"Yeah, they're embarrassed. For some reason, you wouldn't think that would be such a big deal; and it's not as if these are macho guys. They're strictly civilian rear echelon MFs, but any hint that they have something to be afraid of, and they will never sign off on anything. And more to the point, no one's dead, no one's waving the bloody shirt screaming for justice, no Governor demanding the White House do something. So there you have it. They're afraid to die today or tomorrow. They know they're up against pros, and they have no idea how many and how well armed. And three, the pros they have will not go into any situation that even hints of a fair fight; of them taking casualties. You remember that high school massacre at Columbine? Those bastards sat outside of the library and listened while those punks murdered all those kids because they didn't have the courage or initiative to storm the room, to risk their lives. The two punks were ready to die that day, but not the SWATs."
Bill took it in, thought about it, and asked, "Well, what would you have done against you this last year and a half?"
"You take this one, Dave," he said grinning.
"After the very first ambush where they, I mean, we, the good guys, fired into the block of a car coming out to inspect the operation, assuming I can't get access to a tank or APC, I would have set up our own recon foray. I'd have sent another car out, but high overhead I'd have a drone with infra-red vision to pick up the sniper or snipers, then track their movements, see where they went, get a fix on their base of operations, collecting as much Intel as I could, and then set up another foray with a vehicle, and see if the sniper returned to his former position. Then I'd do it again, except that I'd have snipers already set up to bag us when we got into position again. We have countermeasures for that, too, but it's a place to start. But from reading their email, listening in on their phone calls, they never had any kind of plan."
"Right," Pat said. "Their plan was to call in the Feds, and that was pretty much it."
"Right," Dave continued, "But if only they'd learned there were two against them, there's a hell of a lot they could have done to neutralize us, drive or helo in, take over the property, and arrest you . . . but we had plans for that contingency, too."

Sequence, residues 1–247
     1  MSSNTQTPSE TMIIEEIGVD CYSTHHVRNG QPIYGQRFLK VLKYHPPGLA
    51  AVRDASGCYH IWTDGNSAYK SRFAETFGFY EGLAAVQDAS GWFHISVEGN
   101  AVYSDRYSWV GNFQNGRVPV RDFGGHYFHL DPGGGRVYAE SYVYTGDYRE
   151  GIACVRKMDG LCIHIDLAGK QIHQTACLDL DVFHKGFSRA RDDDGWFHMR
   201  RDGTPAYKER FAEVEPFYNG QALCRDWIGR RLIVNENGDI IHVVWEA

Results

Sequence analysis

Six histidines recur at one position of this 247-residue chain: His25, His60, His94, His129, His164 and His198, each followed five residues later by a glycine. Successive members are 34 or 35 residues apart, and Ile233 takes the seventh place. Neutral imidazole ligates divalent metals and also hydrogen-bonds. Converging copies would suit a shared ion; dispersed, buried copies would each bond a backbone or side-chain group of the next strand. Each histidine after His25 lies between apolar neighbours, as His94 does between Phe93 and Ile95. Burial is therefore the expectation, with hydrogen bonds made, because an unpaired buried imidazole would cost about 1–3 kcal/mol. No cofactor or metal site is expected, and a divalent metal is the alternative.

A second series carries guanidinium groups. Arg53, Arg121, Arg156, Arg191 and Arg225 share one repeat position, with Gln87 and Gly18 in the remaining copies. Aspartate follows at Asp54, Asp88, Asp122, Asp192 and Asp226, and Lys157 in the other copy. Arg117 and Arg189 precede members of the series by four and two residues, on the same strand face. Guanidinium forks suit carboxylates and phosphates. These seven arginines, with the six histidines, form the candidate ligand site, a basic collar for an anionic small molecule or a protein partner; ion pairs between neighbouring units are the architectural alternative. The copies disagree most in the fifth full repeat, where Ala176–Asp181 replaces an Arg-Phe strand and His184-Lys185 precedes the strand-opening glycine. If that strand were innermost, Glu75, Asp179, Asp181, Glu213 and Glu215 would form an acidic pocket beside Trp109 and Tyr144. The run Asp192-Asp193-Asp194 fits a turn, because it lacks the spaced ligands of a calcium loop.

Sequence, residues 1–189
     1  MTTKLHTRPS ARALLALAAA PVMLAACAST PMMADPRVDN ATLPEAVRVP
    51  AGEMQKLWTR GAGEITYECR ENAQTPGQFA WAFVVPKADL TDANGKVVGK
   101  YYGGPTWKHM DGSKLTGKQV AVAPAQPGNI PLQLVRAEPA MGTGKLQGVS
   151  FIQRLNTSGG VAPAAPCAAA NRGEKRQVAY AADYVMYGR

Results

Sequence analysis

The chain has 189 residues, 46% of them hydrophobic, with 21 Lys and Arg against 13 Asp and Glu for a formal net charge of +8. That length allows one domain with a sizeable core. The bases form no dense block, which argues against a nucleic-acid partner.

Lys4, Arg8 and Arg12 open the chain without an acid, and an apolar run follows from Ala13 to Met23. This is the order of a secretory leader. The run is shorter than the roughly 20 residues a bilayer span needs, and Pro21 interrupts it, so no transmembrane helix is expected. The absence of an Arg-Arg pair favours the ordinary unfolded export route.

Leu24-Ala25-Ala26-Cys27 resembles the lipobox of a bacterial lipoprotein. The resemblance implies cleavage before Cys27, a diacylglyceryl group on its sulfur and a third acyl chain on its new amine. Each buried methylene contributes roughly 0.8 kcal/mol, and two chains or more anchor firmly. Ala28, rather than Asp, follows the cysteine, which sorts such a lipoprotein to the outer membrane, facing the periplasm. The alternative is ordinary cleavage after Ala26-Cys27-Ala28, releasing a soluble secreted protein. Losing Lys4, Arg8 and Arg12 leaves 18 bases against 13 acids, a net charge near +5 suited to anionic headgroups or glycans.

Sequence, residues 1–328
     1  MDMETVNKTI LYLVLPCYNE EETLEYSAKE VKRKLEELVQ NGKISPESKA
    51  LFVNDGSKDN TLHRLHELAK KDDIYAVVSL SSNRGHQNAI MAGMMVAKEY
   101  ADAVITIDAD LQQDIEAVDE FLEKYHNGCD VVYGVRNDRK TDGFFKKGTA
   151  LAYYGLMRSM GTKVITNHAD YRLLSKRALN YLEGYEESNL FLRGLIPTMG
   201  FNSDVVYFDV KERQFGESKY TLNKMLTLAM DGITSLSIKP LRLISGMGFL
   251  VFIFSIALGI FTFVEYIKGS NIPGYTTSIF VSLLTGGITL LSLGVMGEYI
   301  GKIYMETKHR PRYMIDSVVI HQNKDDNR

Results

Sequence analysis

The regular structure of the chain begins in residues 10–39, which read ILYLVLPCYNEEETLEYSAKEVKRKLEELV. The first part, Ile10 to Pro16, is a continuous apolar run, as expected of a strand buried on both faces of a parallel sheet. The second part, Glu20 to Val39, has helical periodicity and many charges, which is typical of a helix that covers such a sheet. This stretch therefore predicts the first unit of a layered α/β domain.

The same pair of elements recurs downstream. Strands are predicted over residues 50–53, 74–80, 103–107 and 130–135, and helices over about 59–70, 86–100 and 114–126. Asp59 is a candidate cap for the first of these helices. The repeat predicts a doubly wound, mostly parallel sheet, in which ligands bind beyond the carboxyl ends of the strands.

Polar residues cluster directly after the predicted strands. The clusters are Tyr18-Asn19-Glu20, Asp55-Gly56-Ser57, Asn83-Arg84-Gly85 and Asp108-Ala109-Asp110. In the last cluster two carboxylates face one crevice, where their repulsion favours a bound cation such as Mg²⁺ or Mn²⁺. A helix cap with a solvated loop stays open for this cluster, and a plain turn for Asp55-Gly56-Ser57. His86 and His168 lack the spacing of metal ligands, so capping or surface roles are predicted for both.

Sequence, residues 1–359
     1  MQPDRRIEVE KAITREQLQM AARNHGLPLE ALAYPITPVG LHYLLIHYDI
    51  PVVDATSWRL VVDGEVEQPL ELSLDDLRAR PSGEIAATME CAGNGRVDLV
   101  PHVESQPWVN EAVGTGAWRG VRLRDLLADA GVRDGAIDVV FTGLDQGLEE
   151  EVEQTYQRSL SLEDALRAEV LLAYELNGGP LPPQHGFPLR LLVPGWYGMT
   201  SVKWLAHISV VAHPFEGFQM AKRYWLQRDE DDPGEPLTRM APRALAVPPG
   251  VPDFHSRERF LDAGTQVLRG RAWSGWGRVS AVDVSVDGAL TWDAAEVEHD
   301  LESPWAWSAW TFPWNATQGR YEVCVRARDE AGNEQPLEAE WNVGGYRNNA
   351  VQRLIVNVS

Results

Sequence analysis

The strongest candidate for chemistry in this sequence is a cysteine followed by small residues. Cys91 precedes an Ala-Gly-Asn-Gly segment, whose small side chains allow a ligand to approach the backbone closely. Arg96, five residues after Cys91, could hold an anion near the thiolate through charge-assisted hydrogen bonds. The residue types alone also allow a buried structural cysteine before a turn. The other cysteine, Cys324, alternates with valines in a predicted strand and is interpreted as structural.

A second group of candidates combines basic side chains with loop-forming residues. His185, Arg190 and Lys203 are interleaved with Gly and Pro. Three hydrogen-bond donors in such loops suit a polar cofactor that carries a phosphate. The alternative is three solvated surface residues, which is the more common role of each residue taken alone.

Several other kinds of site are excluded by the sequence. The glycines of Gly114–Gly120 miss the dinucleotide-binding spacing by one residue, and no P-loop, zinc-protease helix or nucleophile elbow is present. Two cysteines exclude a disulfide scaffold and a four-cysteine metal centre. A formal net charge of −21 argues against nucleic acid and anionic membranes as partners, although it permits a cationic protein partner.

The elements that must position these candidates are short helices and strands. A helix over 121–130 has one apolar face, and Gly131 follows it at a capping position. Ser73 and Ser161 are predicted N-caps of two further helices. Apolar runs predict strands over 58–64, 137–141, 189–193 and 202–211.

"Really? Like what?"
"Oh, you wouldn't have liked them, Boss, but we think they'd have worked."
Bill almost laughed in relief that they hadn't gone there.
Bill raised his can of beer and said, "Here's to you, to Bushido."
"To Bushido," they toasted.
"And here's to you, Bill. You put it all on the line, too," Pat told him.
With Dave interjecting, "In a civilian way, of course, but balls out just the same."
Soon enough, Zion Oil expanded into the oil shale regions of Utah, Colorado, and further into the Red Desert of Wyoming. By means of bribes, the acceptance of corruption by now widespread throughout all levels of government, Zion Oil captured the lion's share of leases.
The private take over of the public shale oil lands became a fait accompli. Not even the President of the USA, once he learned how enormous the range of the scofflaws had become, was able to stop it. He needed money, too. Enough to scorn the Green lobbies which had kept a tight lid on resource extraction for decades. The money wasn't just for campaigns and his Party, but for the treasury and corporate funded private charities delivering supplemental aid to welfare, social security, and Medicare recipients.
In the less prosperous and Godless society that the humanists and socialists had brought to pass, avarice was loosed from moral restraint. Everyone outside of the ruling elite (their pillaging never ceased) needed more money than they had or earned for what had once been simple amenities or services. Small things, like enough money to buy a washing machine, take a weekend vacation, send the kids to camp, buy new clothes, pay for a new baby, things once within the range of an average income stressed budgets to the breaking point. Any extra income, no matter how it came, was welcome.
In a matter of ten years, Zion Oil had conquered the West, and the efficiency of their extraction techniques let them expand throughout the world. As the major shareholder, Bill became a billionaire many times over.